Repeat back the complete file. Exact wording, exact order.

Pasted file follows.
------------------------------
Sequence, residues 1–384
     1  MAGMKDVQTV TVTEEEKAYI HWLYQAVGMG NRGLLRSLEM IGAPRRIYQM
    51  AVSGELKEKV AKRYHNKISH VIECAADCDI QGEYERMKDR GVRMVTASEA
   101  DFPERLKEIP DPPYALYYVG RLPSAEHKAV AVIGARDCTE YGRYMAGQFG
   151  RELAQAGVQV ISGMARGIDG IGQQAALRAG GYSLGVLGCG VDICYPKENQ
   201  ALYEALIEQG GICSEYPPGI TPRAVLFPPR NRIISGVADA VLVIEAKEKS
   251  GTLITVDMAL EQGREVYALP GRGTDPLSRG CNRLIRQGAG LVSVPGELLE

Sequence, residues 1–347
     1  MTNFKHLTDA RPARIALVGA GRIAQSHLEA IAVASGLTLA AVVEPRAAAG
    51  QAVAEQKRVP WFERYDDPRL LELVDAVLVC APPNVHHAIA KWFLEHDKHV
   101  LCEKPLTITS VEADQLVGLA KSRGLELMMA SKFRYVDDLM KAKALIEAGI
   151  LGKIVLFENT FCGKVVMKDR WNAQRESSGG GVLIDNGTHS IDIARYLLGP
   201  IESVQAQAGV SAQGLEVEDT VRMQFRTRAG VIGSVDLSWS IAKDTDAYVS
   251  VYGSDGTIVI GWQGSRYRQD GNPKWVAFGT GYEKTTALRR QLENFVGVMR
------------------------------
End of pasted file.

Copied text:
Sequence, residues 1–384
     1  MAGMKDVQTV TVTEEEKAYI HWLYQAVGMG NRGLLRSLEM IGAPRRIYQM
    51  AVSGELKEKV AKRYHNKISH VIECAADCDI QGEYERMKDR GVRMVTASEA
   101  DFPERLKEIP DPPYALYYVG RLPSAEHKAV AVIGARDCTE YGRYMAGQFG
   151  RELAQAGVQV ISGMARGIDG IGQQAALRAG GYSLGVLGCG VDICYPKENQ
   201  ALYEALIEQG GICSEYPPGI TPRAVLFPPR NRIISGVADA VLVIEAKEKS
   251  GTLITVDMAL EQGREVYALP GRGTDPLSRG CNRLIRQGAG LVSVPGELLE

Sequence, residues 1–347
     1  MTNFKHLTDA RPARIALVGA GRIAQSHLEA IAVASGLTLA AVVEPRAAAG
    51  QAVAEQKRVP WFERYDDPRL LELVDAVLVC APPNVHHAIA KWFLEHDKHV
   101  LCEKPLTITS VEADQLVGLA KSRGLELMMA SKFRYVDDLM KAKALIEAGI
   151  LGKIVLFENT FCGKVVMKDR WNAQRESSGG GVLIDNGTHS IDIARYLLGP
   201  IESVQAQAGV SAQGLEVEDT VRMQFRTRAG VIGSVDLSWS IAKDTDAYVS
   251  VYGSDGTIVI GWQGSRYRQD GNPKWVAFGT GYEKTTALRR QLENFVGVMR